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Original Analysis

POSTED ON February 22, 2019  - POSTED IN Original Analysis

Everybody wants gold. Some people want it so bad that they’re willing to break the law to get it. That’s why we have police. They stop the bad guys.

At least that’s how it’s supposed to work. But don’t miss what I said. Everybody wants gold. Police officers fall into the category of “everybody.” So, it should come as no surprise that every once in a while, you run into a cop willing to break the law to get his hands on some sparkling yellow metal.

This, in fact, happened recently in India.

POSTED ON February 20, 2019  - POSTED IN Original Analysis

Right after the last Federal Reserve Open Market Committee meeting, Peter Schiff said the “Powell Pause” won’t be enough to save the stock market and head off a recession. He said ultimately, the central bank would have to cut interest rates and launch another round of quantitative easing.

Well, it seems the mainstream is starting to catch up with Peter’s thinking. Yesterday, Bloomberg ran an article asserting that “instead of pausing, the central bank may need to start cutting interest rates to avoid a recession.”

POSTED ON February 15, 2019  - POSTED IN Original Analysis

Politicians promise lots of stuff. Delivering on those promises – that’s a different matter. But when it comes to pledging to do this or that, politicians are masters.

Now, most of the time they keep things pretty vague. After all, you don’t want to commit to anything quantifiable. If you did that, voters could actually hold you accountable. So they promise things like, “I’ll create jobs,” or “I’ll improve our infrastructure.” At the end of the day, you have no idea whether they actually did that or not. (Odds are, they didn’t.)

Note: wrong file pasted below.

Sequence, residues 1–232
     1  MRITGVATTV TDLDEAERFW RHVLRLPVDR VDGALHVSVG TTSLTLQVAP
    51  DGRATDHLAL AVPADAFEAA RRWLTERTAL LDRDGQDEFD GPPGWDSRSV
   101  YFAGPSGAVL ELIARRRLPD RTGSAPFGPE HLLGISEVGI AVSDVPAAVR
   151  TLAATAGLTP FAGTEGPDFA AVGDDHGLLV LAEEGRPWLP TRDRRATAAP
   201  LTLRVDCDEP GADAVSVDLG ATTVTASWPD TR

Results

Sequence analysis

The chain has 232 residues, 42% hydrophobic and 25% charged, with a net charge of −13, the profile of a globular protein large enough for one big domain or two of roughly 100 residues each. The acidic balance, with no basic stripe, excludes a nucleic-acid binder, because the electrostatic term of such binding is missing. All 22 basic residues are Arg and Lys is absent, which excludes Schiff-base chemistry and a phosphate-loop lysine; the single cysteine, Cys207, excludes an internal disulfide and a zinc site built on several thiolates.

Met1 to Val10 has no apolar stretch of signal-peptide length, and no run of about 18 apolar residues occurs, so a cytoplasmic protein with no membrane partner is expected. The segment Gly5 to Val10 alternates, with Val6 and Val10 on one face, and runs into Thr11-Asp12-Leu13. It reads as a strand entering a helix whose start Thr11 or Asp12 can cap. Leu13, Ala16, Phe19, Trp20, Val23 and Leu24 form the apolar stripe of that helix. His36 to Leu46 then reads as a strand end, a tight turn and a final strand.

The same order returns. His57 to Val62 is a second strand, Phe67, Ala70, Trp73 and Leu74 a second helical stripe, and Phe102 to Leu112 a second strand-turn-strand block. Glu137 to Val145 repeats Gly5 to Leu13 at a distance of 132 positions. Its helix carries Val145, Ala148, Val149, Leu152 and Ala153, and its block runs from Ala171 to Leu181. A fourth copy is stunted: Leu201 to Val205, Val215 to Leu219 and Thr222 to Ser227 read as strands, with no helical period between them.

But one political party in India decided that when it comes to campaign promises, it’s “go big or go home.” So, it’s going big!

POSTED ON January 14, 2019  - POSTED IN Original Analysis

Peter Schiff has said it’s not that we have a “volatile” economy right now. We have a bubble economy, and we are at the beginning of a much bigger crisis than we went through in 2008. Peter continued with this theme on a recent appearance on Kitco News with Daniela Cambone noting that things are setting up for gold to shine in 2019. As far as the yo-yoing stock market?

It’s just the air coming out of the bubble. That’s the volatility,” Peter said.

POSTED ON March 29, 2018  - POSTED IN Original Analysis

Joel BaumanThis article was written by Joel Bauman, SchiffGold Senior Precious Metals Specialist. Any views expressed are his own and do not necessarily reflect the views of Peter Schiff or SchiffGold.  The article focuses on the gold market through the lens of technical analysis. Technical analysis is a subjective form of study based on historical price patterns. The analysis offered is for educational purposes and is not a recommendation to buy or sell.

POSTED ON March 7, 2018  - POSTED IN Original Analysis

Joel BaumanThis article was written by Joel Bauman, SchiffGold Senior Precious Metals Specialist. Any views expressed are his own and do not necessarily reflect the views of Peter Schiff or SchiffGold.

The current debt-based fiat monetary system creates an illusion of wealth expansion.